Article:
Of course, under the hood is an entirely new movement, which comes with Grand Seiko’s new Dual Impulse Escapement. This escapement is quite a bit different from the more conventional lever escapements found throughout the rest of Grand Seiko’s mechanical watches. The Dual Impulse Escapement is explained at length in Jack’s Introducing post for the SLGH002, and again in his In-Depth. But just as a quick refresher, the main feature that sets the Dual Impulse Escapement apart is the way in which it delivers energy in both directions of the balance’s oscillation. In one direction, the escape wheel delivers power directly to the balance (on its roller, via one of the escape wheel teeth), and in the other direction, the power comes from the pallet fork. The whole system has been devised in a way that reduces the sliding friction to when the balance is impulsed in just one direction. The new free-sprung balance, held in place by a full balance bridge, has an overcoil balance spring and inertial weights in the form of four screws on the wheel – both firsts for Grand Seiko.
Beyond its new escapement, the 9SA5 has two barrels delivering an ample 80 hours of power reserve and, as you can see in the above photo, the level of decoration and the beauty of the movement are quite high and certainly in line with Grand Seiko standards. The open rotor is itself decorated for the anniversary year and offers an expansive view of the movement. And the decoration of the movement takes inspiration from rippling waves of the Shizukuishi River, not far from the Grand Seiko studio where the watch is made.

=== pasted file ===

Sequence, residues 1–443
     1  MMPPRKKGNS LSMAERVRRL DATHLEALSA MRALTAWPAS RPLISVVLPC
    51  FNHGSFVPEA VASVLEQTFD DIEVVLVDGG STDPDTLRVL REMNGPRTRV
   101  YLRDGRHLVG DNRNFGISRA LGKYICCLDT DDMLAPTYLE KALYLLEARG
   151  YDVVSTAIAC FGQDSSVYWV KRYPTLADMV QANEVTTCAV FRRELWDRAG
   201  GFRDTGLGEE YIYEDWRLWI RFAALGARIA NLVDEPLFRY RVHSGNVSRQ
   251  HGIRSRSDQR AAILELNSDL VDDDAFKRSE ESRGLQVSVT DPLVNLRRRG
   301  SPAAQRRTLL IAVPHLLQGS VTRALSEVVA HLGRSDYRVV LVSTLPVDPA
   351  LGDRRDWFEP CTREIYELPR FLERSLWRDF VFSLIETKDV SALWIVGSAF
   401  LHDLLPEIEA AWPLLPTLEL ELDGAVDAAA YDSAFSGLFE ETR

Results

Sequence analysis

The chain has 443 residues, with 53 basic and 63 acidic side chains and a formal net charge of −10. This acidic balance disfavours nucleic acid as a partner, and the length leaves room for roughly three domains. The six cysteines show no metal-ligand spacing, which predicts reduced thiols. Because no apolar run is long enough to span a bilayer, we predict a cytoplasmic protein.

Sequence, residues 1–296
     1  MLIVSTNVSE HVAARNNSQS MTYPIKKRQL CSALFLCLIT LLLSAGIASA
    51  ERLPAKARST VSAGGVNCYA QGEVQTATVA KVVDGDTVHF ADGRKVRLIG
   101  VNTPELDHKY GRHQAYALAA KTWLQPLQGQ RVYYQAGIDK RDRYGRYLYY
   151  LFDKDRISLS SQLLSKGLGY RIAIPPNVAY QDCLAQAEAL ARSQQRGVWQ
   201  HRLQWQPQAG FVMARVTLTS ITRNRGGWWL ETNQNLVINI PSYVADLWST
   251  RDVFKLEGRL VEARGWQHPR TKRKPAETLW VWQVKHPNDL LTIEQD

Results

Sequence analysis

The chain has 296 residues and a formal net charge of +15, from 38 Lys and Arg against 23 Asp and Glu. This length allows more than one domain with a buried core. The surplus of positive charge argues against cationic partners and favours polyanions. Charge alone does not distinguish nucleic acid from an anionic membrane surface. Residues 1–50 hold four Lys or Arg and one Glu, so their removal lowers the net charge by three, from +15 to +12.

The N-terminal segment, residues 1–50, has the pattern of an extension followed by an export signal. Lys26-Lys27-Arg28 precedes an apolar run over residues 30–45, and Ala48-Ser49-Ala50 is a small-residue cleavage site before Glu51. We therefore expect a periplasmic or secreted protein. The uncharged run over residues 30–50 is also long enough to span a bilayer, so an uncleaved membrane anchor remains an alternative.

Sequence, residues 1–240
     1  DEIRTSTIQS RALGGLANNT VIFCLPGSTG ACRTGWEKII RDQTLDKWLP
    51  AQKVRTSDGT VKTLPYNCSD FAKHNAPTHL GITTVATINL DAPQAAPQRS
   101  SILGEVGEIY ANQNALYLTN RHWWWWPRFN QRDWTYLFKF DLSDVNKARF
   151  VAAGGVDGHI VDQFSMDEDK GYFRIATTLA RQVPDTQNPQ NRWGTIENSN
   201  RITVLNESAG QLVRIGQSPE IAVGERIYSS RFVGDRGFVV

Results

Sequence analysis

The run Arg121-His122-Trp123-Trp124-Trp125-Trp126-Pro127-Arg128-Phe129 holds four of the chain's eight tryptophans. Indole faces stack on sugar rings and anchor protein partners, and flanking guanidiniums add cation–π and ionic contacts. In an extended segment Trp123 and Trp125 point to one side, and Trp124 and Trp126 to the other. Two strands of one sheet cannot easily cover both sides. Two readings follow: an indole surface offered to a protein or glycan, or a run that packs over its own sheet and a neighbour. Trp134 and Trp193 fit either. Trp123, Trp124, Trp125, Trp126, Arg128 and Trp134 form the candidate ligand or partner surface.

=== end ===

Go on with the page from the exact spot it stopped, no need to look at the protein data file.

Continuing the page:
You get a bracelet with the SLGH003, and it comes with a clasp that is decorated with the Grand Seiko initials in gold. A bracelet makes sense given the comparatively sporty character of this watch versus that of the SLGH002. The look is sturdy and utilitarian, and it’s good to have a bracelet as opposed to just a supplied leather strap – it really opens up the watch to being worn year-round. Maybe it’s because we’re just entering the heart of strap season, but I’d be lying if I didn’t say that on seeing this new watch, my thoughts went to leather straps. I think the SLGH003 would find a willing companion in a rich, casual, chocolate-colored leather strap, or even a grey one that might pick up the blue notes of the dial.
This is a beautiful watch, and an important one. It’s surely a sign of more good things to come from Grand Seiko, and that is a very exciting thing indeed. The Grand Seiko SLGH003 will be available at Grand Seiko boutiques and select retailers worldwide.
Brand: Grand Seiko
Model: SLGH003 Hi-Beat 60th Anniversary LE
Case Material: Stainless steel
Dial Color: Blue
Water Resistance: 10 bar
Strap/Bracelet: Stainless steel
Caliber: 9SA5, with Grand Seiko Dual Impulse Escapement
Functions: Hours, minutes, seconds, date
Power Reserve: 80 hours
Frequency: 36,000 vph
Chronometer Certified: Mean daily rate of +5/-3 seconds per day
Pricing & Availability
Price: Approximately $ 9,700
Availability: December 2020
Limited Edition: 1,000 pieces
For more, click here.